Influencer pity, the 10-year challenge, and a dang ol’ egg

Enjoy your eggstra long weekend and Do Not Read Until Tuesday.

 

At what point is it OK to feel bad for influencers?

One of the most interesting stories of the week, for social media marketers and fans of watching a dumpster fire in near real time, was the strange case of Caroline Calloway. She, being an influencer with some 830K followers on Instagram, wanted to bring the dream of influencing to her influenced, and planned to do so in a series of events across the US, at the price of about $165 per ticket.

On the surface, this seems unremarkable for our day and age (if a bit preposterous or overpriced), but one writer/editor/podcaster… OK, OK, … one millennial professional observed and documented the influencer’s process. (This is well worth the click and read.)

Calloway seems to have zero idea of how to plan an event, let alone a tour of said events, featuring workshops, lunch, gifts, etc. And while it’s certainly not the case for all influencers, it should give pause for consideration for those who look to partner with social influencers, or really who we attribute authority to in general. (Though the latter might be a tall order.)

Influencer marketing has taken some hits, and rightfully so in many regards. Major brands have called out the practice for being rife with fraud, backed up by some influencers themselves. Then there’s the question of what products influencers promote, called out perhaps most famously by Jameela Jamil.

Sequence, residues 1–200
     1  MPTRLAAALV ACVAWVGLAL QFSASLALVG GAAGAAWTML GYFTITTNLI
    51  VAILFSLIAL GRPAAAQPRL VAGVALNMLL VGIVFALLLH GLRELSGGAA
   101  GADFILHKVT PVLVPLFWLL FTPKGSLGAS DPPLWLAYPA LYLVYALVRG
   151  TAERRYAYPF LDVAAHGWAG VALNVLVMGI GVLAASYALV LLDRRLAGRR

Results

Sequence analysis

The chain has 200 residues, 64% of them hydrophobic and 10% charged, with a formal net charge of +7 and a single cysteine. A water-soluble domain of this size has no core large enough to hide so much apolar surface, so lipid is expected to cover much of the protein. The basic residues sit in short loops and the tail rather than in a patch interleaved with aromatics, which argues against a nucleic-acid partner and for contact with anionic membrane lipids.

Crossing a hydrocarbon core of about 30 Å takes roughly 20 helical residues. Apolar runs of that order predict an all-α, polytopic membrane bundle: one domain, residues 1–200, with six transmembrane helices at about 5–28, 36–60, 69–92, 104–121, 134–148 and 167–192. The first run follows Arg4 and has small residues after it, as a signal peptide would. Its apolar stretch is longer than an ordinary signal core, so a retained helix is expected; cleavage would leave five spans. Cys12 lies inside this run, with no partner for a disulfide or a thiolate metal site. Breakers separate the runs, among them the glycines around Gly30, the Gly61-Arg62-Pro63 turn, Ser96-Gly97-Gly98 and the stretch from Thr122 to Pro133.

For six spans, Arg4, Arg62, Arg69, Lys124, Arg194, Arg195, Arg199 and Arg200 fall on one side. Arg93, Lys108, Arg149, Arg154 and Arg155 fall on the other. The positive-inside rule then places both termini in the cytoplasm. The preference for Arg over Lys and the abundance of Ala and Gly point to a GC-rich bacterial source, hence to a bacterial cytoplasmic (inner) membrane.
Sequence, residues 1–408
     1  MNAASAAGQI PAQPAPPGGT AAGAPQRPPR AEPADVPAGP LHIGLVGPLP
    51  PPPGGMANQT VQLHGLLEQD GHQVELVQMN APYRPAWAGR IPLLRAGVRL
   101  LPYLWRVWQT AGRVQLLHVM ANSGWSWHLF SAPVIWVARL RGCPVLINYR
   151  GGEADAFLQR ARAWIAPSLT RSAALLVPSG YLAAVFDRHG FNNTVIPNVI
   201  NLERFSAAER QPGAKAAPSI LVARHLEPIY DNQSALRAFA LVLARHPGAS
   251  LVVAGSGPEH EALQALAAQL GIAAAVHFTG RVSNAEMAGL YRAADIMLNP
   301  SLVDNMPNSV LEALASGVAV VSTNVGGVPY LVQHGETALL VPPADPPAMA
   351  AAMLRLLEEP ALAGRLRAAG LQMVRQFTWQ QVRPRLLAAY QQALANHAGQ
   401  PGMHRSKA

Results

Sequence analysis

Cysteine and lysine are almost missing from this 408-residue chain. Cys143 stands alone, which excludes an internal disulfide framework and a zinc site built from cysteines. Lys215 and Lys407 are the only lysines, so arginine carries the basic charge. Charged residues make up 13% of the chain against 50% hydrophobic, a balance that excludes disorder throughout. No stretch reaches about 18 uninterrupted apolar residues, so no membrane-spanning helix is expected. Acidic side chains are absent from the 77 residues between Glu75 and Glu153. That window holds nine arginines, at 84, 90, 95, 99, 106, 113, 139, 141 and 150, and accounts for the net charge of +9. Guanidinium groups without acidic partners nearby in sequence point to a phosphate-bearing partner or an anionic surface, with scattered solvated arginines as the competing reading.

Calloway’s case differs slightly though, if only because she simply seems inept at running a professional operation. But that could be said of many people who caught the public’s attention briefly, have found themselves with hundreds of thousands of followers, and people offering money to reach those followers.

This all makes rigorous vetting key when engaging any sort of influencer for promotion.

Or I guess we’ll just have to hope the future of influencing is … the egg.

 

Let’s talk about conspiracy theories of the 10-year challenge

We actually don’t need to get too far into that, though one popular theory suggested it was all a ploy to feed Facebook’s facial recognition technology. Another, equally plausible and less nefarious reason could be getting users to remember when the platform seemed fun, simple and, perhaps most importantly, scandal free.

Rather than its current state of knowingly taking money from children, cringeworthy pandering and having so many scandals the writer of The Social Network thinks a sequel is due.

The company is at least trying to go back to basics with Messenger, and trying to undo the damage done to journalism by funding local news.

 

The week in data compromise

  • A batch of nearly 800 million email addresses with other associated information leaked online.
  • A WordPress plugin was found to publicly displaying Twitter access tokens of users.
  • And, uh, Twitter was exposing the private tweets of some Android users for years.
  • There’s probably like a dozen more. Change your password to everything.

 

Odds + The End

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